21632: Introduction to Differential Equations
Fall 2018
Lectures: MWF 3:30  4:20 pm in Wean Hall room 7218
Professor: Robert Pego
 Office: 6127 Wean Hall.
Email: rpego AT cmu.edu
Phone: (412)2682553.
Stop by during my office hours (initially set as 11am12pm MWF),
catch me after class, or arrange another time.
Assignments:

Homework 1, due Friday Sept. 21
pdf

Homework 2, due Wednesday Oct. 17
pdf

Homework 3, due Wednesday Nov. 7
pdf

Homework 4, due Wednesday Dec. 5
pdf
Recommended Text:
 Partial Differential Equations, by L. C. Evans,
published by the American Mathematical Society.
(Graduate Studies in Mathematics, 2nd ed. 2010. The 1st ed. could be ok too.)
Potentially useful reference books available via SpringerLink:
 Partial Differential Equations in Action
by Sandro Salsa, Springer, 3rd ed. 2016.
(Very good selection of models and variety of methods, complementary to Evans.)
 Differential Equations and Dynamical Systems
by L. Perko, Springer, 3rd ed. 2001.
(Contains a decent detailed treatment of existence & uniqueness,
though alas only in the autonomous case.)
Course Outline:
The theory of differential equations is a vast and rather diffuse collection
of topics and theories,
which includes some of the most highly active areas of mathematical research.
This course aims to introduce some of the basic prototypes, methods, and themes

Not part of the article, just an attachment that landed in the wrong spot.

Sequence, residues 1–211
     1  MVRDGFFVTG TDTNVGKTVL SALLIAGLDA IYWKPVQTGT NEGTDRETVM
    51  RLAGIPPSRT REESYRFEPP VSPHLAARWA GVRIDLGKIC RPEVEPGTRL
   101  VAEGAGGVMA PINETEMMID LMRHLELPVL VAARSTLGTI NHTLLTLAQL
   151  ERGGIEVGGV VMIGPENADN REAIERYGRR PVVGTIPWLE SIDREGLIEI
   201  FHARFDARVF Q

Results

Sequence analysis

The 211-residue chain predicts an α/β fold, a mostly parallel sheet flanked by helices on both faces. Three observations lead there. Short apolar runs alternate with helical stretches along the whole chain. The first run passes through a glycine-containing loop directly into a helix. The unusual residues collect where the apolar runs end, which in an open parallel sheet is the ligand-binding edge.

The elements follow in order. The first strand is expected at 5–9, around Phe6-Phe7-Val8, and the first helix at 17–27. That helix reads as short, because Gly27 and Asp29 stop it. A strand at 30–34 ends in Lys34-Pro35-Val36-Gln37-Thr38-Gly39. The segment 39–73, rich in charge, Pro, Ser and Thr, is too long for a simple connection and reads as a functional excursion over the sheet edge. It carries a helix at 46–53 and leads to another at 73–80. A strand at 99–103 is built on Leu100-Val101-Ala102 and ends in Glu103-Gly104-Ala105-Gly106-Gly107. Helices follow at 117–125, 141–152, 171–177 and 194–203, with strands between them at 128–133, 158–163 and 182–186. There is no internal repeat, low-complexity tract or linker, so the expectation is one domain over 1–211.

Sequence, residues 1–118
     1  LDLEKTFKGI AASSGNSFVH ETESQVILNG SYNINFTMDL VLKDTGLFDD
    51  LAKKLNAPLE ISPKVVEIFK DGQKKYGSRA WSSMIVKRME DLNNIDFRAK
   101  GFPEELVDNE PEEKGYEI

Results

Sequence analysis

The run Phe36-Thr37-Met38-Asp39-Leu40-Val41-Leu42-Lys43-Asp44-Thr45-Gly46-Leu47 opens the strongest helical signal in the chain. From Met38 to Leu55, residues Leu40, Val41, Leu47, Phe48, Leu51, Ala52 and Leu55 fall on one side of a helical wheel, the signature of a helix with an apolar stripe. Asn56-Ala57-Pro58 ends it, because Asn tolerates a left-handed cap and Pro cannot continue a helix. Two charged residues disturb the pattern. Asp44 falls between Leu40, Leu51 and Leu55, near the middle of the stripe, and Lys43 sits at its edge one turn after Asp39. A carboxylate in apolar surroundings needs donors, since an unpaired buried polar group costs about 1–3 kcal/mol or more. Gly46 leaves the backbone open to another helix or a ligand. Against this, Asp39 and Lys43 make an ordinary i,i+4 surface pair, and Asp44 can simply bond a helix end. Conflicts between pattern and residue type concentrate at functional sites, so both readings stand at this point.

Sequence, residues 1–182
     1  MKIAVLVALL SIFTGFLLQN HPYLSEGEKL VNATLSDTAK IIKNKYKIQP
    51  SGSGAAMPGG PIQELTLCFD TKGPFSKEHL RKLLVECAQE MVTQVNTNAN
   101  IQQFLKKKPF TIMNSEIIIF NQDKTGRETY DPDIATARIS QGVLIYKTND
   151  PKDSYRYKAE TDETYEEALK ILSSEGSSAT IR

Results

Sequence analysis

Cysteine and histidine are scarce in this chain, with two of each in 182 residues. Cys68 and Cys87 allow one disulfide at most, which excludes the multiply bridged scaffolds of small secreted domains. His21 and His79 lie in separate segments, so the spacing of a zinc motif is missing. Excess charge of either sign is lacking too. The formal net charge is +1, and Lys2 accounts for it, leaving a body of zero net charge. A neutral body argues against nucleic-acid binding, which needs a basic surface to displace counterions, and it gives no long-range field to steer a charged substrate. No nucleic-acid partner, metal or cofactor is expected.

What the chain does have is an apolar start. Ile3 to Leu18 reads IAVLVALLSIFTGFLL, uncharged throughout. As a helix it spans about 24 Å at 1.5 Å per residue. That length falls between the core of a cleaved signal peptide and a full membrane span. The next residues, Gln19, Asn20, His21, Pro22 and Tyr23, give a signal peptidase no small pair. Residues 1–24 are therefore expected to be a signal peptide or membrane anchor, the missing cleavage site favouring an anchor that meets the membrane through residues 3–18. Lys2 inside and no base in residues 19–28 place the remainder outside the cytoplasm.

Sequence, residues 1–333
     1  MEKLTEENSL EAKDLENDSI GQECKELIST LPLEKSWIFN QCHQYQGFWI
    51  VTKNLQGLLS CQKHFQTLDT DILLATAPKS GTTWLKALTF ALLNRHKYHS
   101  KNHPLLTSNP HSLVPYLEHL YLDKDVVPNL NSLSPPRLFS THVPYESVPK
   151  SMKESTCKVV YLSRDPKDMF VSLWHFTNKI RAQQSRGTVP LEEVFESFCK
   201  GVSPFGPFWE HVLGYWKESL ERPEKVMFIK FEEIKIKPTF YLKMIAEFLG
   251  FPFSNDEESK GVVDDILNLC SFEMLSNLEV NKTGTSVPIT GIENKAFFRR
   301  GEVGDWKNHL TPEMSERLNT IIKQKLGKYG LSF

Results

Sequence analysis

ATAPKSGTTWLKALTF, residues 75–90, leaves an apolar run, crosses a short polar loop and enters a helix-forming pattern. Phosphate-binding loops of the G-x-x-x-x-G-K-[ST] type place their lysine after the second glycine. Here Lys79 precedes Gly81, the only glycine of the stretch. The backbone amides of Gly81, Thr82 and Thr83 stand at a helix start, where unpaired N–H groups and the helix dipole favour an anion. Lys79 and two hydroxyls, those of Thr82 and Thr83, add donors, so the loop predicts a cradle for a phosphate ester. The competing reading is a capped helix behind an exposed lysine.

that indicate how DEs arise in mathematical modeling and a variety of important
kinds of phenomena appearing in the analysis and behavior of solutions.
 Overview, samples, glimpses. A tidbit of analysis for Poisson's equation.

Origins of important PDEs. Balance laws of physics.
Elastic bodies and the wave equation. Heat transfer and the heat equation.
Random walks.

The most important PDEs.
 Laplace's equation.
Fundamental solution, mean value property, Green's function,
energy estimates. Maximum principle, harmonic, subharmonic functions.
Representation formulae, uniqueness, regularity.

Heat equation.
Fundamental solution, energy method, Duhamel's principle.
Maximum principle, sub and supersolutions.
Representation formulae, uniqueness, backwards uniqueness.

Wave equation.
Spherical means, method of descent, Duhamel's principle, energy methods.
Representation formulae, uniqueness, domain of dependence.
 Essential theory of nonlinear dynamical systems (aka ODEs).
Initial value problem, solution via integral inequalities.
Flows. Dependence on parameters, continuation and blowup criteria.

First order nonlinear PDE.
Characteristics.
Conservation laws and shocks.
Lax's formula, development of singularities, weak solutions,
entropy condition. Rarefaction waves, wave interactions.
Prerequisites:
Rigorous calculus including integration in N dimensions.
Helpful (perhaps concurrently): measure theory, functional analysis, basic complex
Grading: Based on approximately 6 homework sets
and a midterm and final exam (schedule TBA).
Homework will be posted online at
http://www.math.cmu.edu/~bobpego/21632/ .
Academic integrity requires that your tests and homework solutions
are your independent work and not copied from other sources. On homework you
are encouraged, however, to discuss with others and consult other resources to
improve your understanding.
Makeup tests are only possible in the case of a documented medical
excuse, a universitysanctioned absence (e.g., participation in a varsity
sporting event), or a family emergency. Please contact me at the earliest time
possible to schedule a makeup.